The Mariners threatened to put the Angels’ backs against the wall at the outset of extra innings, as Robinson Cano led off the top of the 10th with what looked like a double. Shortstop John McDonald, fresh off the pine after Erick Aybar left with an injury, kept the tag on Cano for a couple of seconds after he received the ball, but second-base umpire Paul Schrieber saw nothing out of the ordinary. Replay, on the other hand ...
... revealed that Cano had popped off the bag for a split second:
And that was enough to erase him from the basepaths.
In the top of the 11th, the Mariners got going again with a single by Justin Smoak. Pinch-runner Willie Bloomquist moved to second on a sacrifice bunt by Dustin Ackley, setting the stage for
Fernando Salas put his glove up as he completed his follow-through, and Miller’s shot found its pocket, as Bloomquist, who’d read it as a sure single, strayed way too far from the keystone to return before Salas tossed the ball over to complete the twin killing.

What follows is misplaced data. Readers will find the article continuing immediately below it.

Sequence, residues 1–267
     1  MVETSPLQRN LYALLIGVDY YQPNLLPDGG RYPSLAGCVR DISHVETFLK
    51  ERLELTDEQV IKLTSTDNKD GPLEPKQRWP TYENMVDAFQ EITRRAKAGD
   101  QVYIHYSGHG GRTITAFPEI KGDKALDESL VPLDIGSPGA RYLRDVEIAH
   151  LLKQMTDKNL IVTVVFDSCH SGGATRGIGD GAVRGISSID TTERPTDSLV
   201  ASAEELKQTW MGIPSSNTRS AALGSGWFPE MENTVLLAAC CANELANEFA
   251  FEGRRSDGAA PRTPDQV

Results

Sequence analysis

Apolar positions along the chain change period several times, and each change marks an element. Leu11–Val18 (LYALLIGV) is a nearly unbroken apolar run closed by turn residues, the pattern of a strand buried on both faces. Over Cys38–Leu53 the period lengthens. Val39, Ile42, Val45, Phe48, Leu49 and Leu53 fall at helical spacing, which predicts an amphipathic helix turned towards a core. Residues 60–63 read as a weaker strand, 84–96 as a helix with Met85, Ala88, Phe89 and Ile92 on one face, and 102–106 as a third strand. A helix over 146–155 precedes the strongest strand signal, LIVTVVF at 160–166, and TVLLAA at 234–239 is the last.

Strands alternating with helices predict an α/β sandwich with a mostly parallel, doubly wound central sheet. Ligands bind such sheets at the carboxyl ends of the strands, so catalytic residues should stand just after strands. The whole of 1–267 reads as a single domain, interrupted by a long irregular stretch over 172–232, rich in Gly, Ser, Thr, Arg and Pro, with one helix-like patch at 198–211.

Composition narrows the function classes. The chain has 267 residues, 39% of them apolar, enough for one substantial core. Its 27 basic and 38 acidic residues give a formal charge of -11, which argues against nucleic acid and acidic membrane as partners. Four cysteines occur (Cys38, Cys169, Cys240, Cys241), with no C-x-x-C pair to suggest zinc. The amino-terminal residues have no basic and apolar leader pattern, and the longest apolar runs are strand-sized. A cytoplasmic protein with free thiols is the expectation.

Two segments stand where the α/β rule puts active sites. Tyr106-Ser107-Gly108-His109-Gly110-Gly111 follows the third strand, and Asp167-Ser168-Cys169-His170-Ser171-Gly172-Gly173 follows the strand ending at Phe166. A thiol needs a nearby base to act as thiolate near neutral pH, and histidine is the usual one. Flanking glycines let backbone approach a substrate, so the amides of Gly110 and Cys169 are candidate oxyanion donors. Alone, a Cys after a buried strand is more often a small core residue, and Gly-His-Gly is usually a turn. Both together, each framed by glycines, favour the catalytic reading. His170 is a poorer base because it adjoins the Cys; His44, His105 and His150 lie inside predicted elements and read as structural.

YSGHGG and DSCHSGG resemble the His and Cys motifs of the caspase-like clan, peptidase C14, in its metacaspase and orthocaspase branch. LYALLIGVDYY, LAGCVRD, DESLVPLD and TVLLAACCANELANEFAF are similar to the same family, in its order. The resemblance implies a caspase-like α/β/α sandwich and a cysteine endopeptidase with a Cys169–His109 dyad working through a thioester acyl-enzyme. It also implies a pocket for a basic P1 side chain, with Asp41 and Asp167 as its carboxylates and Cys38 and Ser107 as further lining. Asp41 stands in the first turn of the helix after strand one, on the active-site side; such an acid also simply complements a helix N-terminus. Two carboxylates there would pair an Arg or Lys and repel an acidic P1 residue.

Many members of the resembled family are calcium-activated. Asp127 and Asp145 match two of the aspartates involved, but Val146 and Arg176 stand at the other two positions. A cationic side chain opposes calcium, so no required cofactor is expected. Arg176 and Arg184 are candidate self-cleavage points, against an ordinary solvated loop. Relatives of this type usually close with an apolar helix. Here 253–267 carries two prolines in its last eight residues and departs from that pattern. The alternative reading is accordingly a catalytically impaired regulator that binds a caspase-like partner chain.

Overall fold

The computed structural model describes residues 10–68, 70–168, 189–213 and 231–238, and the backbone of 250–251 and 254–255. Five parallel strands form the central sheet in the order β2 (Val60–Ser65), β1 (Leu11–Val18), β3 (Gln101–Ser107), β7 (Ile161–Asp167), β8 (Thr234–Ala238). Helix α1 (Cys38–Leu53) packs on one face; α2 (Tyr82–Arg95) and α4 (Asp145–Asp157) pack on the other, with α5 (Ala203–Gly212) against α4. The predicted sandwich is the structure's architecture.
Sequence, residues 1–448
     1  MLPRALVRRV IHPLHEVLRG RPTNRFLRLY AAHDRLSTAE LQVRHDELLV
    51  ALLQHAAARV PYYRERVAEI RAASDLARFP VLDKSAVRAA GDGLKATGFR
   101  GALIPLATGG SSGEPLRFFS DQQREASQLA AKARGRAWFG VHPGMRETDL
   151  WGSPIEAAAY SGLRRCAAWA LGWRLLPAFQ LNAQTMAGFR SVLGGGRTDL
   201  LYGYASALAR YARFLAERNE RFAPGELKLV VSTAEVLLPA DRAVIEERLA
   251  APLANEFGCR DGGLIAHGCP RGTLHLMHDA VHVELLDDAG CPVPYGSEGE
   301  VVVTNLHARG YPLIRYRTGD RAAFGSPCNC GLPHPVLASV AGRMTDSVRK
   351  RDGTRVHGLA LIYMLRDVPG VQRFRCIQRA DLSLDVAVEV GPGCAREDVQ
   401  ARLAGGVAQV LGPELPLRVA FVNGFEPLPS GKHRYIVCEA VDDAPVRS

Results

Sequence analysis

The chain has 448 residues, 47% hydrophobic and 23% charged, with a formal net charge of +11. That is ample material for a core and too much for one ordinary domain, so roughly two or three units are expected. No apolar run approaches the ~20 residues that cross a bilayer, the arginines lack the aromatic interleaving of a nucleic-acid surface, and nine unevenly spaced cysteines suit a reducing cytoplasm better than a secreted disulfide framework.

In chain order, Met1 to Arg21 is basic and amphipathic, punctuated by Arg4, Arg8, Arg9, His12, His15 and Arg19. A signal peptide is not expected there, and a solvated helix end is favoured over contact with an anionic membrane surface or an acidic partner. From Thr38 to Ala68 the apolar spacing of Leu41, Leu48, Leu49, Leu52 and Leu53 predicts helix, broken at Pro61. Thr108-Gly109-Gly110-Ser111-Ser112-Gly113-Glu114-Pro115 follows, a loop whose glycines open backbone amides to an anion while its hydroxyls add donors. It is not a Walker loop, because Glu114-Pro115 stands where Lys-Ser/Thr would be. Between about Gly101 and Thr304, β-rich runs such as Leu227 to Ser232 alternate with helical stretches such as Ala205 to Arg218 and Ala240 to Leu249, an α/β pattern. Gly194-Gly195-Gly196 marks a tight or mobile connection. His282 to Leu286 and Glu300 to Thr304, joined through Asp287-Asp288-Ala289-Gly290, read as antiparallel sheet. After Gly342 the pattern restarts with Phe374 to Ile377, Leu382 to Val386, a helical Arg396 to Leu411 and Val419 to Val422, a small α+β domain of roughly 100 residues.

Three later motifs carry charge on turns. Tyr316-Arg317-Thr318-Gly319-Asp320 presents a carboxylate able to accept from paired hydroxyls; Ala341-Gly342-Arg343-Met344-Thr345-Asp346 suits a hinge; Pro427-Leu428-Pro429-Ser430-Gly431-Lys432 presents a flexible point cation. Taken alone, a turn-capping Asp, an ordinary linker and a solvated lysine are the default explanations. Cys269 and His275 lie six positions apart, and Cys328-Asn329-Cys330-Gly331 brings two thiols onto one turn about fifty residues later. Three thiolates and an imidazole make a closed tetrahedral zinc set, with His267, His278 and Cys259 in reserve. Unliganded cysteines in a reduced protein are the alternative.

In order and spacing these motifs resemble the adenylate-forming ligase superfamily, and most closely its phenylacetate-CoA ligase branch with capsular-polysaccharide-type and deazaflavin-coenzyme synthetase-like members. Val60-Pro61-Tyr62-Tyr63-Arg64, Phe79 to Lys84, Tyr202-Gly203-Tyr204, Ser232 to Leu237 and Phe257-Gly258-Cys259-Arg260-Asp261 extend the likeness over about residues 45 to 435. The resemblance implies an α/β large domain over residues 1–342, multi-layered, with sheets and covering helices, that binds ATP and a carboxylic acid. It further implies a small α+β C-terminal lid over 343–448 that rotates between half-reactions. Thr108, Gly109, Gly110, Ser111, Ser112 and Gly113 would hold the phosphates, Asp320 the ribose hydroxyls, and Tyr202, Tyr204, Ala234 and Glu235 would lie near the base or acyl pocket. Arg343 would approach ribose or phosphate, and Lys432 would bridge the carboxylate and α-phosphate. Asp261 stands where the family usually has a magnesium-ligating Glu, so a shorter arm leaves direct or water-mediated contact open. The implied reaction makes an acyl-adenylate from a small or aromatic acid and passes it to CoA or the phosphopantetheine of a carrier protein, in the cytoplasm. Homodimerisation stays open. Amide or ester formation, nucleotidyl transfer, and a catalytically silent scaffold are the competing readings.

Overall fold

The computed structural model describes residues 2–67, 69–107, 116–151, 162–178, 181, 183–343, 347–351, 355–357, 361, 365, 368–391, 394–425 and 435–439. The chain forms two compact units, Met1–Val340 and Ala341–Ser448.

The next four innings were relatively uneventful—in part because Tom Wilhelmsen logged four shutout frames for the visitors—so we’ll fast-forward to the bottom of the 16th, when Dominic Leone, the next man out of the Seattle bullpen, became the first to falter in extra frames. Pinch-hitting for McDonald, who’d done his job in the field, with two on and two away, Efren Navarro bounced one through the middle to send home the winning run:
Navarro’s heroics sent the crowd home happy with a 3–2 win that kept the Angels 1 1/2 back of the A’s in the West. They’d remain in that position at the end of the weekend after losing Saturday’s middle match in extra innings and winning in walk-off fashion on Sunday.